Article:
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Introduction

research on bilingualism presented by a few of the two hundred delegates who hailed from no less than forty-five countries. Though Europe attracted the largest number of delegates, there were also participants from more distant countries such as Australia, Brazil, Brunei, Cameroon, Canada, Chile, Japan, Kazakhstan, Kuwait, Mexico, Sri Lanka, Thailand, and the United States of America, to mention a few. The international nature of this volume reflects diverse viewpoints from a varied selection of authors who analyse the linguistic situations in Brazil, Bulgaria, France, Germany, Greece, Israel, Italy, Macau, Malta, Poland, Romania, Sri Lanka, and the United Kingdom. This volume comprises six sections. Part I contains only one chapter on Code-Switching by Penelope Gardner-Chloros, one of the conference’s keynote speakers. Each of the subsequent five sections includes at least three papers by non-plenary participants on topics related to the Linguistic Landscape (Part II), Language Policy (Part III), Bilingualism, Culture and Identity (Part IV), Bilingual Education (Part V) and Trilingualism (Part VI). In her chapter, Penelope Gardner-Chloros reviews the ways in which research on the intriguing and challenging phenomenon of codeswitching has so far been conducted. She convincingly argues that the newer multilayered approach is necessary for a better understanding of the reasons why code-switching occurs. The Linguistic Landscapes of the Mount Carmel area in Israel, Macau on the China coast and the Brittany region of France are the focus of three chapters in Part II of the present volume. Martin Isleem investigates the presence of Arabic in a Druze public school in Israel. While his findings raise important questions on the importance of Hebrew in this area, Isleem suggests that the predominance of the Hebrew language is strong because of factors such as location, language contact and economic reasons. Ana Cristina Neves discusses the linguistic landscape of Macau by investigating the visibility of the three most important local languages, Cantonese, Portuguese and English, in the three largest pedestrian areas of the Macau Peninsula. Her research findings reveal the presence of changing linguistic patterns in the three languages as spoken there. The third chapter in this section homes in on the bilingual region of Brittany in France. Noemi Ramila Diaz analyses the linguistic landscape at the Department of Applied Foreign Languages where students are required to study two foreign languages, with English as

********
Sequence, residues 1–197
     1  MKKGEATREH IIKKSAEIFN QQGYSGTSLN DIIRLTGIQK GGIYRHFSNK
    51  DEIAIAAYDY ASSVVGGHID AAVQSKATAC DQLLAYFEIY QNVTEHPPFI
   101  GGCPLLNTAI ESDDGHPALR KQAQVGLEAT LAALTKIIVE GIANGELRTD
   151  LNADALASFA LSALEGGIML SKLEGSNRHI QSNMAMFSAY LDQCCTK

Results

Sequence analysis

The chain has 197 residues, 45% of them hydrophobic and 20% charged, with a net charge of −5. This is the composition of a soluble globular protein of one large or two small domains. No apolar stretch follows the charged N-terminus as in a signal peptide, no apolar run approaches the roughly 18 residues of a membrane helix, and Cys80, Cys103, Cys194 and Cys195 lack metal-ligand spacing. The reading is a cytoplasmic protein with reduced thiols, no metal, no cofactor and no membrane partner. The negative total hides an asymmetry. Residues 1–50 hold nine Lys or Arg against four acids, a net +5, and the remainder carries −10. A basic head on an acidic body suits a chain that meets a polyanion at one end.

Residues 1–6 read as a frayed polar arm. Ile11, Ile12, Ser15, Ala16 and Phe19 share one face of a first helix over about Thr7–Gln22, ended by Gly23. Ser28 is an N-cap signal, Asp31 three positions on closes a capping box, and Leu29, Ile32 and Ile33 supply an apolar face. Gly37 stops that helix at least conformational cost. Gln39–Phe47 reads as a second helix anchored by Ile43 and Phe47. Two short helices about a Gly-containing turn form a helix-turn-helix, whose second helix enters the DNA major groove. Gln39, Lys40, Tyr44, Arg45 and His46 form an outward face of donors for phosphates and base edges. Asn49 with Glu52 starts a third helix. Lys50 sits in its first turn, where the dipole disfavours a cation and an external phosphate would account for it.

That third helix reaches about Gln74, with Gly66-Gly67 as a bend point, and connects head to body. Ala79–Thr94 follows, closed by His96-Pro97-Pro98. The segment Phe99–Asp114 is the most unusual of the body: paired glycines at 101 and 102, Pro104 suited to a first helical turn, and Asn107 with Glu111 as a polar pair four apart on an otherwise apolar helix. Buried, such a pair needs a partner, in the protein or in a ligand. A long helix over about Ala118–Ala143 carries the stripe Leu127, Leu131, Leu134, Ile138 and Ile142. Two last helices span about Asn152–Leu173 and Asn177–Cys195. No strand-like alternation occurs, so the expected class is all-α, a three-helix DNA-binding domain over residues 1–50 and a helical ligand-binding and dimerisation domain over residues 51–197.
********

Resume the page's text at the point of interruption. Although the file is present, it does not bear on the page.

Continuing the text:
International Perspectives on Bilingualism

one of the compulsory languages. Her findings reveal that since the linguistic space comprises three levels – the institutional, the academic and the personal – there are tensions especially in spaces which are considered to be neither private nor public. Part III comprises three chapters discussing Language Policy in Brazil, the German-Polish border and Sri Lanka. In the first of the three chapters, Kyria Rebeca Finardi first reviews language policies and internationalisation programmes in Brazil and then shows that the varying roles of English result in a low uptake of scholarships of the Science without Borders internationalisation programme. She maintains the necessity for an alignment of language policies across the various educational levels. The second chapter in this section is by Barbara Alicja JaĔczak who considers bilingualism and multilingualism as quite common on the Polish side of the German-Polish border. After presenting the partial results of her ongoing research project being conducted in this geographic area, she questions the role of the administration of Polish border towns in supporting both bilingual education and intercultural communication of the inhabitants, and whether their children and adolescents stand to profit from the border location in terms of bilingual language education. Marie Perera and Suriya Arachchige Kularathne focus on one significant aspect of an ongoing study on bilingual education in Sri Lanka. Through the use of qualitative and quantitative data, they propose that there are no clear micro-level policies ensuring harmony amongst all the stakeholders in bilingual education. They suggest that existing policy documents be amended to accommodate present pedagogical, socio-political, economic and cultural needs. The four chapters included in Part IV of this volume focus on Bilingualism, Culture and Identity. Marina Morbiducci has studied the role of idioms which international students attending Sapienza University in Rome use during interactional exchanges via social networks. Her findings confirm that where grammar competence and correctness fail, effective communication and language creativity may still take place. In his chapter Bilingualism and Identity in Selected GermanSpeaking Regions, Ralf Heimrath first argues that it is inaccurate to assume that German is the mother-tongue of all inhabitants in Germanspeaking countries. In fact, by means of examples taken from the linguistic panorama and other sources, he shows the existence of